When I diagnose a basal-cell skin cancer in a patient, the first thing I say is congratulations, because you’re walking out of my office with a longer life expectancy than when you walked in. -Dr. Richard Weller from the Jan 2019 issue of Outside Magazine
The sun is out, and the recent recall of over 40 sunscreens has me thinking about sunscreen usage. In our household, I have historically applied sunscreen liberally and often. We are a fair bunch, and I have seen enough skin cancer and photo-aging that I view a sunburn as a major catastrophe. Like any Mom, I want to protect my children from all ills (the youngest child, as my husband says, is “so pale he is almost see through”).
But what if we aren’t getting this quite right? What if there are actually more risks to sunscreens than benefit? When most of us think about sunscreen safety, we think about aerosolized nano-particles of zinc oxide and titanium dioxide and the potential effects on our lungs (very likely there is no risk of inhalation damage from sunscreen). We think about contaminants like benzene. We think about allergens and rashes from organic elements (these are common but can be avoided by avoiding organic components and sticking to products like those listed below). What if we are actually missing some of the biggest risks of sunscreens? Here I am talking about the harms that come from blocking our own skin’s ability to synthesize vitamin D.
As Rowan Jacobson points out in his 2019 Outside article, vitamin D synthesized by our skin through sun exposure leads to numerous health benefits. Direct sunlight also lowers our blood pressure. Vitamin D is central to many of our body’s functions, and people with more sun exposure have lower rates of diabetes, heart disease, stroke and cancer. The perils of too much sun exposure, it turns out, are largely in the form of non-lethal skin cancers and photo-aging. For many years we have thought (or at least hoped) that these ill effects of low vitamin D levels can simply be wiped away by taking a vitamin D supplement. Study after study however, has simply not shown this to be the case. Put another way, taking a vitamin D supplement does not seem to negate the ill effects of a low vitamin D level. As it turns out, those who spend more time in direct sunlight have longer lifespans and lower rates of diabetes, heart disease, stroke, depression and fractures. Interestingly, while people with more sun exposure have higher skin cancer rates, they have LOWER skin cancer DEATH rates. If you missed his viral article in 2019, it is worth a read now.
The American Academy of Dermatology continues to recommend that “in addition to seeking shade an applying sunscreen, wearing sun-protective clothing goes a long way in protecting you from the sun’s harmful rays”. There is little controversy in the medical world. Sunscreen is recommended for all.
So where do I stand with sun exposure and vitamin D? I view it as yet another evolutionary mismatch disease. Our rapidly changing environments have yet again outpaced our genes. Similar to the way obesity and diabetes have become prevalent as our lifestyles became sedentary (our ancestors walked an average of 10 miles a day hunting and gathering), we now spend our days in offices and homes out of the sun for most of the day. This lifestyle leads to depleted vitamin D levels and subsequent ill effects on health. Does this mean I am anti-sunscreen? Not necessarily. Like all choice we make, there are trade offs in decisions to wear sunscreen. The negative effects of avoiding sun exposure, however are far greater than I think people realize.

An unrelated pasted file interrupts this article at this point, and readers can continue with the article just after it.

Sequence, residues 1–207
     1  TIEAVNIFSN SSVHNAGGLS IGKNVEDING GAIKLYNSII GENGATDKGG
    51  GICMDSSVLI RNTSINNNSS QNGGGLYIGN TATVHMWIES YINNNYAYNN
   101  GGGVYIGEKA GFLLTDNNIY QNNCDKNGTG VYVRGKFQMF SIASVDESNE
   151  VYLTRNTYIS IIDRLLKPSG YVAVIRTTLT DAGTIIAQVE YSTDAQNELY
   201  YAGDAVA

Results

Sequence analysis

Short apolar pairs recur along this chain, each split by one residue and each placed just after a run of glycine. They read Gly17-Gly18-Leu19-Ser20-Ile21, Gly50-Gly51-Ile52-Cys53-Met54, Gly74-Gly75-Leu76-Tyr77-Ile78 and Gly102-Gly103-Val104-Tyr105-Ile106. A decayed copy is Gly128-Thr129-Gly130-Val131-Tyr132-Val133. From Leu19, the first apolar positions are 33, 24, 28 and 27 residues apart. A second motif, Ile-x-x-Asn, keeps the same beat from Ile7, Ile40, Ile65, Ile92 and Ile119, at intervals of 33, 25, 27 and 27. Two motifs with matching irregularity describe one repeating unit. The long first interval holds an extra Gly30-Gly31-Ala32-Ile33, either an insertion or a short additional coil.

At this point in time I view sun exposure as primarily healthy. Does it cause photo-aging? Of course. Does it cause certain skin cancers? Absolutely. Do those things kill us? Nope. As a woman I definitely understand the value and importance that we place on flawless skin. I think if I am really honest, what I would like to see is more of us embracing the mental and health benefits of being outside and spending less time on our skin care regimens. What if we can get to a place of embracing our skin’s pigment changes and grooves as story of a life well lived? One where we ambled outdoors and soaked up nature? One where we enjoyed parks with our kids, walks with our friends and time in our gardens? What if we accept the trade off of an imperfect complexion for the healthier bones, longer lives, and lower rates of depression?
p.s. If you are not ready to embrace natural sunlight just yet, or if you are fair like our family, and you need to ease into your sun exposure , here are some products I have used and like or seen recommended by dermatologists:
- Bare Republic Mineral Sunscreen
- Alba Organics
A final note: the more darkly pigmented you are, the less likely you are to benefit from sunscreen. Skin cancer is a rare event in very dark skin types. Here I immediately think of daycare and camp polices where all kids are covered up in sunscreen. If you have lots of melanin, you already have a natural defense.
Recently over 40 sunscreen products have been recalled due to the presence of benzene, a potential carcinogen. You can find a list of the implicated sunscreens here so you can get to tossing.
Aside from this recent recall, sunscreens are generally accepted as having an excellent safety profile. For those of us wanting to minimize any potential risks from organic substrates (which can cause rashes and allergies such as hives and contact dermatitis) we can choose products containing inorganic substances (zinc oxide, titanium dioxide).
Happy ☀️ playing.